• Erwin, T. L. and D. L. Pearson. 2008. A treatise on the Western Hemisphere Caraboidea (Coleoptera), their classification, distributions, and ways of life. Volume II (Carabidae:Nebriiformes 2: Cicindelitae). Pensoft Series Faunistica 84, Pensoft Publishers, Sofia-Moscow. 365 pp.

  • Freitag, R. P. 1999. Catalogue of the tiger beetles of Canada and the United States. National Research Council Research Press, Ottawa, Canada. 195 pages.

  • Freitag, R. P. 1999. Catalogue of the tiger beetles of Canada and the United States. National Research Council Research Press, Ottawa, Canada. 195 pp.

  • GLASER, J.D. 1984. THE CICINDELIDAE (COLEOPTERA) OF MARYLAND. MARYLAND ENTOMOLOGIST 2(4):65-76.

  • General Status 2015, Environment Canada. 2014. Manitoba beetle species list and subnational ranks proposed by experts.

  • Glaser, J.D. 1999. Package of misc notes and maps, including specimen data and other info.

  • KNISLEY, C.B. AND J.M. HILL. 1990. DISTRIBUTION AND ABUNDANCE OF TWO TIGER BEETLES, CICINDELA DORSALIS MEDIA AND C. LEPIDA, AT ASSATEAGUE ISLAND, MARYLAND, 1990.

  • Kippenhan, Michael G. 1994. The Tiger Beetles (Coleoptera: Cicindelidae) of Colorado. 1994. Transactions of the American Entomological Society 120(1):1-86.

  • Knisley, C. B. and J. M. Hill. 1993. [Report on 1991 and 1992 survey work for Coral Pink Sand Dunes tiger beetle (Cicindela limbata albissima). Prepared for BLM Utah State Office? 38 pp. + appendix + figures.

  • Knisley, C.B. 1979. DIstribution, abundance, and seasonality of tiger beetles (Cicindelidae) in the Indiana Dunes region. Proc. Ind. Acad. Sci. vol?:209-217.

  • Knisley, C.B. 1998. Written comments on draft of McCann's Cicindelid inventory, research & monitoring priorities for next 3-5 yrs.

  • Knisley, C.B. and J.M. Hill. 1992. Effects of habitat change from ecological succession and human impact on tiger beetles. VA Jour. Sci. 43(1B):133-142.

  • Knisley, C.B. and T.D. Schultz. 1997. The Biology of Tiger Beetles and a Guide to the Species of the South Atlantic States. Virginia Museum of Natural History Special Publication Number 5. Virginia Museum of Natural History: Martinsville, Virginia. 210 pp.

  • Knisley, C.B. and T.D. Schultz. 1997. The biology of tiger beetles and a guide to the species of the South Atlantic states. VA Museum of Nat. Hist. Special Pub. No. 5.

  • Kritsky, G., and J. Smith. 2005. Teddy's tigers: the Cicindelidae (Coleoptera) of Theodore Roosevelt National Park, North Dakota. Cicindela 37(1-2):1-16.

  • Larochelle, A. 1974. Notes on Cicindela lepida Dejean. Cicindela 6(3):66-68.

  • Larochelle, A. 1986. A concise bibliography on the geographical distribution of the Cicindelidae of North America north of Mexico. Cicindela 18(2):17-32.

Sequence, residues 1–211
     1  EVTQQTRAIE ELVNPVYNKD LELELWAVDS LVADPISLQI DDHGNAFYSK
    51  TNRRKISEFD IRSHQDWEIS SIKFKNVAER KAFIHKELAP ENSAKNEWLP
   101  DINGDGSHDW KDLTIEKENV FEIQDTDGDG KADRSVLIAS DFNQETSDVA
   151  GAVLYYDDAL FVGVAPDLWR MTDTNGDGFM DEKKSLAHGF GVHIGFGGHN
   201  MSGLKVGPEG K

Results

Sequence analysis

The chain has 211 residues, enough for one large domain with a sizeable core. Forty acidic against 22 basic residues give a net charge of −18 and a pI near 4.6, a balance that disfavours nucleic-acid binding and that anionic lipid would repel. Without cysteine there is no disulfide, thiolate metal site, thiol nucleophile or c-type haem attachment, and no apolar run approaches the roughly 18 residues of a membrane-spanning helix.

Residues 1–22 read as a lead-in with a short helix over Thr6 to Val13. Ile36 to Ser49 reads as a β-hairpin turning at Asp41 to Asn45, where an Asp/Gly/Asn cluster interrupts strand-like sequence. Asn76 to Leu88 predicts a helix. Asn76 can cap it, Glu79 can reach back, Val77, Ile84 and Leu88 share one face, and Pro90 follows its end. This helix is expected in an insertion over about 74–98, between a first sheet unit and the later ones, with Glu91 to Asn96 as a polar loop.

• Leng, C. W. and W. Beutenmuller. 1894. Preliminary handbook of the Coleoptera of northeastern America. Cicindelidae. Journal of the New York Entomological Society 2:87-96.

  • Leonard, M. D. ed. 1928. A list of the insects of New York, with a list of the spiders and certain other allied groups. Cornell University Agricultural Experiment Station Mem. 101. Ithaca, New York. 1121 pp.

  • Pearson, D. L., C. B. Knisley and C. J. Kazilek. 2006. A field guide to the tiger beetles of the United States and Canada: identification, natural history, and distribution of the Cicindelidae. Oxford University Press, New York, New York. 227 pp.

  • Pearson, D. L., C. B. Knisley, and C. J. Kazilek. 2006. A field guide to the tiger beetles of the United States and Canada: identification, natural history, and distribution of the Cicindelidae. Oxford University Press, New York. 227 pp. + plates.

  • Pearson, D.L. 2004. A list of suggested common English names for species of tiger beetles occurring in Canada and the U.S. Cicindela 36(1-2):31-40.

  • Pearson, D.L. 2004. A list of suggested common English names for species of tiger beetles occurring in Canada and the U.S. Cicindela 36(1-2):31-40.

  • Pearson, D.L., T. G. Barraclough, and A.P. Vogler. 1997. Distributional range maps for North American species of tiger beetles (Coleoptera: Cicindelidae). Cicindela, 29(3-4): 33-84. Available online: http://www.bio.ic.ac.uk/research/tigerb/rangepaper.htm.

  • Pearson, D.L., T.G. Barraclough and A.P. Vogler. 1997. Distributional maps for North American species of tiger beetles (Coleoptera: Cicindelidae). Cicindela 29(3-4):33-84.

  • Stanton, Edward J., and F.E. Kurczewski. 1999. Notes on the distribution of Cicindela lepida dejean (Coleoptera: Cicindelidae) in New York, Ontario and Quebec. The Coleopterists Bulletin 53(3):275-279.

  • Steffens, W. P. 2005. Rare tiger beetle surveys in central and northwest Minnesota, Fall 2004. Report submitted to the County Biological Survey, Minnesota Department of Natural Resources. 11 pp.